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It ill becomes you to assail one who cannot defend himself. Options
Daemon
Posted: Friday, July 28, 2017 12:00:00 AM
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It ill becomes you to assail one who cannot defend himself.

Miguel de Cervantes (1547-1616)
KSPavan
Posted: Friday, July 28, 2017 1:52:35 AM

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It ill becomes you to assail one who cannot defend himself.

Miguel de Cervantes (1547-1616)
zina antoaneta
Posted: Friday, July 28, 2017 2:03:49 AM

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The classic version of "Don't hit me while I am down."
However, for many that's the best time to do it otherwise one might miss the chance. Low hanging fruit...:O)
Jim Cape
Posted: Friday, July 28, 2017 3:33:28 AM

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All thou I do agree with the quote. In todays world more often than not, it's dog eats dog and kick him while he's down. Sad, isn't it?
Bully_rus
Posted: Friday, July 28, 2017 7:42:18 AM
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Daemon wrote:
It ill becomes you to assail one who cannot defend himself.

Miguel de Cervantes (1547-1616)

There's no use in such saying when it comes about death and life...
TheParser
Posted: Friday, July 28, 2017 8:08:27 AM
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Jim 0214 wrote:
it's dog eats dog and kick him while he's down.



That's how it has always been and will always be -- so long as human beings exist.
mudbudda669
Posted: Friday, July 28, 2017 10:13:05 AM

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Applause
monamagda
Posted: Friday, July 28, 2017 2:40:44 PM

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Context from :The ingenious Gentelman Don Quixote of La Mancha

Chapter IV.
Of What Happened To Our Knight When He Left The inn


He had not gone far, when out of a thicket on his right there seemed to come feeble cries as of some one in distress, and the instant he heard them he exclaimed, "Thanks be to heaven for the favour it accords me, that it so soon offers me an opportunity of fulfilling the obligation I have undertaken, and gathering the fruit of my ambition. These cries, no doubt, come from some man or woman in want of help, and needing my aid and protection;" and wheeling, he turned Rocinante in the direction whence the cries seemed to proceed. He had gone but a few paces into the wood, when he saw a mare tied to an oak, and tied to another, and stripped from the waist upwards, a youth of about fifteen years of age, from whom the cries came. Nor were they without cause, for a lusty farmer was flogging him with a belt and following up every blow with scoldings and commands, repeating, "Your mouth shut and your eyes open!" while the youth made answer, "I won't do it again, master mine; by God's passion I won't do it again, and I'll take more care of the flock another time."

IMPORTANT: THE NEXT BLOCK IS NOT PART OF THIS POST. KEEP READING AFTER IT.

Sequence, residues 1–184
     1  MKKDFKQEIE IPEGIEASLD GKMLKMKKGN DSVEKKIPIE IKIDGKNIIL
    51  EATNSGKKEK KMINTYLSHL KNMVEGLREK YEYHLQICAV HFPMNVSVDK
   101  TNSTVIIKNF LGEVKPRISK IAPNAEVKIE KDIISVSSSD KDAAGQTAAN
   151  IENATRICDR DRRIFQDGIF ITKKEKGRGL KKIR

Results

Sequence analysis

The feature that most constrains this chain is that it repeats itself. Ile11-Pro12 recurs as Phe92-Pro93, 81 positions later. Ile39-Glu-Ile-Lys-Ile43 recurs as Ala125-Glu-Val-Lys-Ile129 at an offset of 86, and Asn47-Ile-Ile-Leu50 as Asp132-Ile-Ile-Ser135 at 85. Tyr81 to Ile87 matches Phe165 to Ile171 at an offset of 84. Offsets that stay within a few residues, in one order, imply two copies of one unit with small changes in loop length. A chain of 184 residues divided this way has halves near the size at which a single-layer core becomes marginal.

Seeing what was going on, Don Quixote said in an angry voice, "Discourteous knight, it ill becomes you to assail one who cannot defend himself; mount your steed and take your lance" (for there was a lance leaning against the oak to which the mare was tied), "and I will make you know that you are behaving as a coward." The farmer, seeing before him this figure in full armour brandishing a lance over his head, gave himself up for dead, and made answer meekly, "Sir Knight, this youth that I am chastising is my servant, employed by me to watch a flock of sheep that I have hard by, and he is so careless that I lose one every day, and when I punish him for his carelessness and knavery he says I do it out of niggardliness, to escape paying him the wages I owe him, and before God, and on my soul, he lies."
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